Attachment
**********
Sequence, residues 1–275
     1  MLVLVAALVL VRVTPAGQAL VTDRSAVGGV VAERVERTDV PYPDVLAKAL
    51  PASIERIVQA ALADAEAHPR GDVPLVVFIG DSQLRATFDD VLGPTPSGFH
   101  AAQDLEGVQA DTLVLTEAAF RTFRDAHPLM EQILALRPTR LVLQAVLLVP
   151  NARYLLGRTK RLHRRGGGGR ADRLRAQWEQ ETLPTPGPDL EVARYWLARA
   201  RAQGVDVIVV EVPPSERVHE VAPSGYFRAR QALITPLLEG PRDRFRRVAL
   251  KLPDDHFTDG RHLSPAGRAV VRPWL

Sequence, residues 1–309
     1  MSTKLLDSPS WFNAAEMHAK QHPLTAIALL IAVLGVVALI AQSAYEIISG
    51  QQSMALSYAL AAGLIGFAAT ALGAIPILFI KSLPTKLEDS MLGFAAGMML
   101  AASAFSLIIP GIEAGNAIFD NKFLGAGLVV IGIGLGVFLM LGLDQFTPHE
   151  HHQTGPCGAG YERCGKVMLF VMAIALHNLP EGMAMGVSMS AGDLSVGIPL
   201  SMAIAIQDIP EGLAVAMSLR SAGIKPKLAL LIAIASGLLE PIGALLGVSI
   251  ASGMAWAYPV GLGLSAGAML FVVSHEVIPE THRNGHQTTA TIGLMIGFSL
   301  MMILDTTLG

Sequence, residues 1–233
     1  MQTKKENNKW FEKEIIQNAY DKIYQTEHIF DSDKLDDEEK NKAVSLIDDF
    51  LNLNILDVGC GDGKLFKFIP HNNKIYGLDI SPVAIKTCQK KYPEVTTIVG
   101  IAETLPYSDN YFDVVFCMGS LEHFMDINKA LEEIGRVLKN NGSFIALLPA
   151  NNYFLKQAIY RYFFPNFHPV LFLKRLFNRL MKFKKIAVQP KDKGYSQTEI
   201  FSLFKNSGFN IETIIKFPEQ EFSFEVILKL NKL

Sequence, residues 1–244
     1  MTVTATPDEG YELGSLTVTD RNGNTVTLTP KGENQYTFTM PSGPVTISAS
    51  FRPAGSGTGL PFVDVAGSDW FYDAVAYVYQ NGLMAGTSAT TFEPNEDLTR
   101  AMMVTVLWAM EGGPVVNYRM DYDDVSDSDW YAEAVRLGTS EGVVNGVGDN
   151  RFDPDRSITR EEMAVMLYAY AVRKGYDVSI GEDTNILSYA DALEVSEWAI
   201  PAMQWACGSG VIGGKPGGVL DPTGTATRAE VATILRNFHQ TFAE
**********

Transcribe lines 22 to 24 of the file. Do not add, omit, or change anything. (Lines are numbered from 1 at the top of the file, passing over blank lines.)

Sequence, residues 1–244
     1  MTVTATPDEG YELGSLTVTD RNGNTVTLTP KGENQYTFTM PSGPVTISAS
    51  FRPAGSGTGL PFVDVAGSDW FYDAVAYVYQ NGLMAGTSAT TFEPNEDLTR